After the brain dump, your student needs to read through the questions on the final quickly. If he doesn’t recognize anything about a question, it’s essential your teen puts an answer down and moves on. But, if a question resembles something your teen wrote down on the brain dump or seems vaguely familiar to something your teen studied, it’s worth it for your teen to spend an extra minute or two answering that question. There are MANY test taking strategies your teen can use, but that’s a post for another day! 

No matter if your child is in high school, college, or beyond, finals are a reality. But, cramming isn’t the right study strategy. If you want to know what better ones are, let’s chat so we can prevent your teen from ever needing another cram session. Choose a day and time for you, your teen, and me to meet for a free Talk with Jessy at


What would it be like if your teens were actually willing to do their homework without a fight?

SURPRISE! Teens want to learn, but the battle begins when they don’t have the actual ability to complete an assignment. That may sound strange, but think about it. When you don't know how to do something (and you're supposed to), is it fun? Your teen might not understand what the homework questions are really asking nor know what steps to take. Unfortunately, most teens go into resistance mode instead of seeking help when they’re confused. Instead of asking you to explain the directions or going to the teacher for clarity of where to start, teens put up a wall, a front, and shut down.

Sometimes, it’s even simpler than that: teens don’t even know what the homework is. They didn’t listen or understand what the teacher said to do, or they totally missed the assignment. Your teen might know there is something to do, but he or she might have no idea what that actually is, let alone how to get it done.

Think about it for yourself: do you resist doing tasks at work? Is it because you don't know why you have to do them or because you're not sure how to do them? Our teens are no different. Once they have the actual ability to complete assignments, they're more likely to do them if they see the relevance.

Relevance is a key component in homework resistance and stopping the homework battle. Your child must have a very clear understanding of how that homework assignment matters to not just the real-world but to your teen’s actual life and to things he cares about. When your teen doesn’t see a direct connection between the assignment and something or someone he has a connection to, there is no buy-in and no real reason to see the homework as anything but busy work.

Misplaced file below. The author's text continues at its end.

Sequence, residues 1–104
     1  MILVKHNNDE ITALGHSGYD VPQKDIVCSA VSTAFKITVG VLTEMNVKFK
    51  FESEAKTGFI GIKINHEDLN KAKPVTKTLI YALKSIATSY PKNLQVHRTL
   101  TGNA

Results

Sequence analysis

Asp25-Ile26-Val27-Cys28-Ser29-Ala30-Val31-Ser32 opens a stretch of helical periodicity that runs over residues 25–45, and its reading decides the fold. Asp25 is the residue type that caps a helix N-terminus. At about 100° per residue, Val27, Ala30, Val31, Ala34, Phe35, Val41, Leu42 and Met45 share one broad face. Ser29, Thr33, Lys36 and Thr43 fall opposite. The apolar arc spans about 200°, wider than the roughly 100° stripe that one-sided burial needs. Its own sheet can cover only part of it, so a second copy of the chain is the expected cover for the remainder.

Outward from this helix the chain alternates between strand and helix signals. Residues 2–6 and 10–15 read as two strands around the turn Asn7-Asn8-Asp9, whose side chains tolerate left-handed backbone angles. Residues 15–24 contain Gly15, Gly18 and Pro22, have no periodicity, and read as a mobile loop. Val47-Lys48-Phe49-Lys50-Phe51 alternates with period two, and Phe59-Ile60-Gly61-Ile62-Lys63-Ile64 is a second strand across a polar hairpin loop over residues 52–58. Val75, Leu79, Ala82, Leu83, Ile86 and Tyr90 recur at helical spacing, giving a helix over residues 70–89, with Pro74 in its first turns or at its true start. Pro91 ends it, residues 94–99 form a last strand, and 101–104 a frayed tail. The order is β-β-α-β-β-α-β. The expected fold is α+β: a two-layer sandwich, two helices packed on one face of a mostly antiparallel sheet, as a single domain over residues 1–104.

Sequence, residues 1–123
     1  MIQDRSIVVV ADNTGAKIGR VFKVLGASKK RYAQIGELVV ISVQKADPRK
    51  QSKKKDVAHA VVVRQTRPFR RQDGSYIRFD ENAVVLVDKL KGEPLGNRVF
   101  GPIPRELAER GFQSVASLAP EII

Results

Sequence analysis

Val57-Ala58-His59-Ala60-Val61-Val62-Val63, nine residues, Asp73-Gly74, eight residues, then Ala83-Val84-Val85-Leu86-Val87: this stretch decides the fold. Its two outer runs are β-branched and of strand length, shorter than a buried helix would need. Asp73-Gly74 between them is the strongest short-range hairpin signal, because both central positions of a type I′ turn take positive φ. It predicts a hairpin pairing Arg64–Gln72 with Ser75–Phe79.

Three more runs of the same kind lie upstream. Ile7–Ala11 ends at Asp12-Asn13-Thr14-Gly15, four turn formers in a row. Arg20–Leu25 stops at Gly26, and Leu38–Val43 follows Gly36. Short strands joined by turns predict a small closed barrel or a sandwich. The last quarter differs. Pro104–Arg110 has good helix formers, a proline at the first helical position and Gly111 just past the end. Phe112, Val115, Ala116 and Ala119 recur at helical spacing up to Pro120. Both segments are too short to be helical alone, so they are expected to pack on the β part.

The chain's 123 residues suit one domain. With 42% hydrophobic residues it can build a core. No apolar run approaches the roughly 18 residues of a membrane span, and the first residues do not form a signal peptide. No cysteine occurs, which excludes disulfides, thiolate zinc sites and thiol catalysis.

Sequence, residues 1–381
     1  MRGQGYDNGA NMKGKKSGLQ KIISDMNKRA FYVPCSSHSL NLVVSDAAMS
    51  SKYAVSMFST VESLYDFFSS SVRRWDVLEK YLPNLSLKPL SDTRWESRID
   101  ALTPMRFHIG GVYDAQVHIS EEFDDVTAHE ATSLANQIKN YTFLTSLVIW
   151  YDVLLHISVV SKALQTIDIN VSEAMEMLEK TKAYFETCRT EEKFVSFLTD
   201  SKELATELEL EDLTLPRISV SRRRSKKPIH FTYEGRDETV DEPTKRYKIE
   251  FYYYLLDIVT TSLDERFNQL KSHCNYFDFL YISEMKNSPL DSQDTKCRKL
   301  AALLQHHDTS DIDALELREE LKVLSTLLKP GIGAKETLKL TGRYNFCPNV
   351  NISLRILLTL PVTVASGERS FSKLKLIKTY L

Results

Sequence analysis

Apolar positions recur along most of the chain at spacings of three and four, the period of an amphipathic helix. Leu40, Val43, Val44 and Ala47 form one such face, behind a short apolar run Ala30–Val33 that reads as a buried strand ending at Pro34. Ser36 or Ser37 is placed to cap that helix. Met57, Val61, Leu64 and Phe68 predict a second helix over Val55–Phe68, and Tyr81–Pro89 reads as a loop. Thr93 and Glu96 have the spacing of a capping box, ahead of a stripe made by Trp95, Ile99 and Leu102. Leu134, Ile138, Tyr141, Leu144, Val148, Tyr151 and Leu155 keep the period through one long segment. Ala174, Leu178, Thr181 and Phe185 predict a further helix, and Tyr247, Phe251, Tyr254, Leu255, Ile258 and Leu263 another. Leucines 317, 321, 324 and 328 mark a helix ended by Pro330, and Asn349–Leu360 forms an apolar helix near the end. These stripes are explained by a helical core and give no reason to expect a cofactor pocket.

When your teen values learning and knows how to learn using study skills, relevance is less of a problem. He knows how to learn, and your child will begin to make the connections for himself. Your teen will want to learn for the sake of learning. If that isn't where your teen is, I can help. Schedule a free Talk with Jessy (consultation) at so we can help your teen love to learn. In the meantime, it’s important for your teen to tie his interests and the things he cares about into school as much as possible. If a paper or assignment can be done any way your teen wants, that’s a perfect opportunity for relevance. Encourage your teen to find a connection between his interests and something being taught at school, boom - a great opportunity for relevance.

What if your teen doesn’t want to make the effort to find the relevance? Uh, oh... What if she isn’t motivated? It happens. Motivation is another study skill. Without a love to learn, your teen won’t want to start the homework she's been assigned. Your teen needs a reason to do the homework for HER benefit. Does she want a certain grade in the class?

How does she personally profit by doing the work? Most of us go to work for a paycheck. What reward does your daughter get for doing her homework? It must be something she wants to provide the needed motivation.

The answer: your daughter’s goal.

Goals are essential to eliminating the homework battle. On the days when homework is tough or when your teen is just tired and doesn’t want to do it, having a goal makes a difference. That goal is a light at the end of the tunnel. It's a reason to keep moving forward. Each completed homework assignment brings your teen one step closer to completing her goal. What goal does your teen have? 

Stop fighting with your teen about homework. Reduce you and your teens' stress when the homework battle is no more because your teen loves to learn. Book a time for you, your teen, and me to talk. Go to today so we can discover the study skills your teen needs to succeed. You can keep fighting, or we can find the answer.